Deck The Halls
Is traditional Christmas mistletoe under threat?
The Guardian, 21st December 2005
It's a freezing December morning in the little market
town of Tenbury Wells. In an old cattle market by the
banks of the river Teme, around 100 people have gathered,
rubbing their hands and eating bacon rolls to stave
off the cold. Some are local farmers, others buyers
for shops, hotels and markets. All of them are here
for the mistletoe.
Vast bundles of the elegant winter plant are laid out
in rows on the ground. All of it has been harvested
locally, brought here by farmers and travellers, hoping
to get a good price before Christmas. Between the rows
wander potential buyers, hefting the bundles to estimate
their weight, or fingering the curved leaves and white
berries to check their quality. Across it all floats
the staccato cry of the auctioneer, taking bids at breakneck
Tenbury Wells is the self-appointed 'Mistletoe Capital'
of Britain, and this is one of its three annual mistletoe
auctions - the only ones in the country. What is worrying
locals this year is that it may also be the last.
Alec Wall is a retired detective and local mistletoe
enthusiast. He is also one of the founders of TEME -
Tenbury English Mistletoe Enterprise - which was set
up earlier this year to fend off a developing threat
to this most seasonal of plants.
'The cattle market that used to be held here closed
last year', he explains, 'and a rumour went round that
that was going to be the end of mistletoe sales in Tenbury.
Well, this auction has been going on here since 1862,
and it's the only one in the country. We formed TEME
to make sure it continued. Fortunately this year the
auction is still on this site, but we don't know what's
going to happen next year.' What worries Alec is that
the site will be developed - there have been rumours
of supermarket interest - and the mistletoe sellers
The real danger, says Reg Farmer, with his tongue in
his cheek, is that the market might go to another town
- perhaps one on the other side of the river, in Shropshire.
'If that happened, we would regard it as an attack on
Tenbury', he says solemnly. 'It would be a national
Reg, who has been a farmer in the Teme Valley all his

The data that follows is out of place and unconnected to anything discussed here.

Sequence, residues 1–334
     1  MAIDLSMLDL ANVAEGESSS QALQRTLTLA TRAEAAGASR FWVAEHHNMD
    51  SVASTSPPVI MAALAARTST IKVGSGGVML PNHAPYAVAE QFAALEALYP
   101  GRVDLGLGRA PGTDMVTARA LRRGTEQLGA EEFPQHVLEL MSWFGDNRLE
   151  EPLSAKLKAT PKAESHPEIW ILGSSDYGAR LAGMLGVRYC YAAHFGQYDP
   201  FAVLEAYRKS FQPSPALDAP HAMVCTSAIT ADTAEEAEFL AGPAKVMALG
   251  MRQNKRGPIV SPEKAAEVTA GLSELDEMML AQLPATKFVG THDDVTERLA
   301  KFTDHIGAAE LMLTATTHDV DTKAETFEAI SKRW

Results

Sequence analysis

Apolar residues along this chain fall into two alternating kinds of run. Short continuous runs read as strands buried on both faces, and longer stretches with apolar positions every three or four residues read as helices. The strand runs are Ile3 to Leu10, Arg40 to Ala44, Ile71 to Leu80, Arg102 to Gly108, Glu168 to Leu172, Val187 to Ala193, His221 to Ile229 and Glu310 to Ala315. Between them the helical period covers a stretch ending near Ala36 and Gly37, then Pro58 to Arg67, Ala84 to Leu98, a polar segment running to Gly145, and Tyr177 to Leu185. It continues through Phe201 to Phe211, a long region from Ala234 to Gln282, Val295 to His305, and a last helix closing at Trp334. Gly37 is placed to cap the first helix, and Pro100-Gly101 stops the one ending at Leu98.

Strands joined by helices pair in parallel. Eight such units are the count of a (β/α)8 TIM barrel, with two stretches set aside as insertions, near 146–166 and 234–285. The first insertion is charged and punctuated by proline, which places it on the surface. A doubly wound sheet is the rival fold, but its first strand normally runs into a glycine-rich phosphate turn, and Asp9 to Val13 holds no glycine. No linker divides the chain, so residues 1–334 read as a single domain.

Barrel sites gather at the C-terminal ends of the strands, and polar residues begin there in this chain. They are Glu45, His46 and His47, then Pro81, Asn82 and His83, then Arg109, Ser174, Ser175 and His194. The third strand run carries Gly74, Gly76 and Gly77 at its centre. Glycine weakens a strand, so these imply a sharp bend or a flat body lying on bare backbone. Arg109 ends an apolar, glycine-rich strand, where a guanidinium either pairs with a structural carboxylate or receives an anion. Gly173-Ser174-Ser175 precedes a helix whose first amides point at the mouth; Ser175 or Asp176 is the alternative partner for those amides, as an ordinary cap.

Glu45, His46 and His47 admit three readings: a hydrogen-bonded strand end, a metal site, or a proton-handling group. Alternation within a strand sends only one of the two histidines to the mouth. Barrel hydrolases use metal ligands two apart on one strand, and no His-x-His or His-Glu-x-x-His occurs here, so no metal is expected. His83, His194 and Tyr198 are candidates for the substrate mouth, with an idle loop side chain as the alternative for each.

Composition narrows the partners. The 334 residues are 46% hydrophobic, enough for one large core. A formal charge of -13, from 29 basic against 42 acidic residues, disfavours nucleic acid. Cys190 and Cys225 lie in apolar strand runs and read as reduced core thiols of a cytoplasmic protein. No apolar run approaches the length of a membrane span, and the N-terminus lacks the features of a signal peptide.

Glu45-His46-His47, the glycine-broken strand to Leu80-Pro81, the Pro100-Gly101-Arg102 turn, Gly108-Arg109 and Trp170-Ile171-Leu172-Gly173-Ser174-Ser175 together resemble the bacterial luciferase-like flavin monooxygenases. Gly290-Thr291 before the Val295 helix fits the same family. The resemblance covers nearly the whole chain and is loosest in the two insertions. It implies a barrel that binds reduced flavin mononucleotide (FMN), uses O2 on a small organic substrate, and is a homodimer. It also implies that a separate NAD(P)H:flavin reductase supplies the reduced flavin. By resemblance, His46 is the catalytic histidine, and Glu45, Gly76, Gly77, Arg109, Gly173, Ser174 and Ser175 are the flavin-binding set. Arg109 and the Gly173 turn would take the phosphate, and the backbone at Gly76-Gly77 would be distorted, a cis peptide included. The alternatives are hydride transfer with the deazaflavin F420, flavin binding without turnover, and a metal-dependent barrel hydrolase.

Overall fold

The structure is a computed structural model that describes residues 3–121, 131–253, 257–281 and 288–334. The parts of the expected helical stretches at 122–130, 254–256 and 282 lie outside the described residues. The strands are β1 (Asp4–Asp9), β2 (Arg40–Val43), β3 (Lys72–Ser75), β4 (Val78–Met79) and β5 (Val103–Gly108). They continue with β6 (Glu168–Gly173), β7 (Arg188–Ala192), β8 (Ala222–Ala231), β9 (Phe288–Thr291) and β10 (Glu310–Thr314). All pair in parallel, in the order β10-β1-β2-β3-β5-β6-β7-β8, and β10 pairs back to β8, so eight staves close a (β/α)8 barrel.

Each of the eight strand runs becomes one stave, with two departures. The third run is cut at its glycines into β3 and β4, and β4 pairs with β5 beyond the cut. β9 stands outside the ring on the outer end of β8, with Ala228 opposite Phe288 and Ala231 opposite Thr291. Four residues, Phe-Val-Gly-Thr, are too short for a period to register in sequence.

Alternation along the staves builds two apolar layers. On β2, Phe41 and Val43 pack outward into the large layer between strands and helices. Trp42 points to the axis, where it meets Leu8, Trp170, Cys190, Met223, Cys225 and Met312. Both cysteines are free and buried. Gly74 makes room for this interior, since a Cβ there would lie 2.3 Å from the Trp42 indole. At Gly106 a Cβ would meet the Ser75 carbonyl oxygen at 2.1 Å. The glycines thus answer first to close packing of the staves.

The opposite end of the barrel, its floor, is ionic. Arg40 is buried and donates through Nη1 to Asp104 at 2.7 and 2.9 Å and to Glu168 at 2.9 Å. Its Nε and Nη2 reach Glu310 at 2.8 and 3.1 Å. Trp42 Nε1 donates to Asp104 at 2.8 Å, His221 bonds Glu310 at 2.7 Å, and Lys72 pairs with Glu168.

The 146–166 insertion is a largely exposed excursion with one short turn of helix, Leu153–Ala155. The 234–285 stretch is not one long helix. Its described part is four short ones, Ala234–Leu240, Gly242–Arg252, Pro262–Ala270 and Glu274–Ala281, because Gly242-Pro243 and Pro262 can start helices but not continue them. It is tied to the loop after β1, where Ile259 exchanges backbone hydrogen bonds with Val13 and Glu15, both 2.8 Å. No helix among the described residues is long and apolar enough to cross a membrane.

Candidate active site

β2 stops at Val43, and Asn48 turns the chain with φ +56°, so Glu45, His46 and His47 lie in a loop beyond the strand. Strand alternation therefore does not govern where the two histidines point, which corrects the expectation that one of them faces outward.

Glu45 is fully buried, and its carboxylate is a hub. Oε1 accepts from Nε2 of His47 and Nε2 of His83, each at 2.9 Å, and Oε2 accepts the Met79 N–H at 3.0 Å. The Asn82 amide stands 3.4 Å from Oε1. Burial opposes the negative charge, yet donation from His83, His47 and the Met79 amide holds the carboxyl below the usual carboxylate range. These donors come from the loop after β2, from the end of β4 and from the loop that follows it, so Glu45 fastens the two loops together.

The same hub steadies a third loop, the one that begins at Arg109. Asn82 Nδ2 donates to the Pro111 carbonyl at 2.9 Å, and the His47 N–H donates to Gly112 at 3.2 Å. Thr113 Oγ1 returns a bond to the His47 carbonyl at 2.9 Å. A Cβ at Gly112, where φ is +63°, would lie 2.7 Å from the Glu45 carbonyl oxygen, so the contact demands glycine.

life and is another of TEME's founders, is walking me
through one of the traditional orchards that the region
is famed for. The twisted trees are leafless in the
winter sun, but almost all of them are hung with great
clumps of mistletoe.
'This whole valley was once covered in orchards' says
Reg. 'But a lot of it's gone. Supermarkets don't want
it's all about eye appeal. And a lot
of these farmers used to provide apples for Bulmers
cider, till they were taken over, and things changed.
These old trees aren't fit for purpose any more. But
a lot of them are very rare varieties.'
The Teme valley is losing its old orchards rapidly.
In this, it is part of a national trend which has seen
orchard area decline by 57% over the last fifty years.
This has long exercised people concerned about landscape
character, biodiversity and rare apple varieties. What
is more rarely mentioned is its effect on mistletoe,
the vast majority of which grows on apple trees like
these. 'There is less mistletoe around than there used
to be,' explains Reg, starkly. 'Much less, because at
the end of the day the orchards are not there.'
Does this combination of orchard loss and town centre
development pose a real threat to the future of Tenbury's
Christmas mistletoe? Jonathan Briggs, one of the country's
leading mistletoe experts, and another member of TEME,
thinks it could, and that the impact of a decline would
be felt nationally. For some reason that is not yet
properly understood, most of Britain's mistletoe grows
in orchards in Worcestershire, Gloucestershire and Herefordshire.
A threat here is thus a threat on a national scale.
'There is definitely a decline in the sort of traditional
orchard in which mistletoe likes to grow,' says Briggs.
'This is going to lead, if it isn't already, to a decline
in the quantities of mistletoe available at Christmas.
This isn't just an English issue, it's northern European.
We also import a lot of mistletoe, most of it from France
and that is also harvested from neglected old orchards.
If you keep on neglecting your old orchards, in twenty
years time there won't be any old orchards
then where do you get your mistletoe from?'
There are, however, signs of hope. Briggs can point
to examples from all over the country of local conservation
initiatives aimed at preserving old orchards and planting
new ones; this, he says, is the key to a healthy future
for mistletoe. And nationally, the future of orchards
may look more secure if English Nature is able to fulfil
its current ambition to include traditional orchards
in the government's national biodiversity action plan.
Alec Wall, too, is optimistic. The publicity that TEME
have managed to whip up in just a few months for their
threatened market is certainly a good sign. 'It's all
been absolutely astounding' says Alec. 'We've had orders
from America, an inquiry from Alaska
we had the
Druids down here last week, blessing the mistletoe.
It's a very special plant, and this is a very special
event. It simply has to continue.'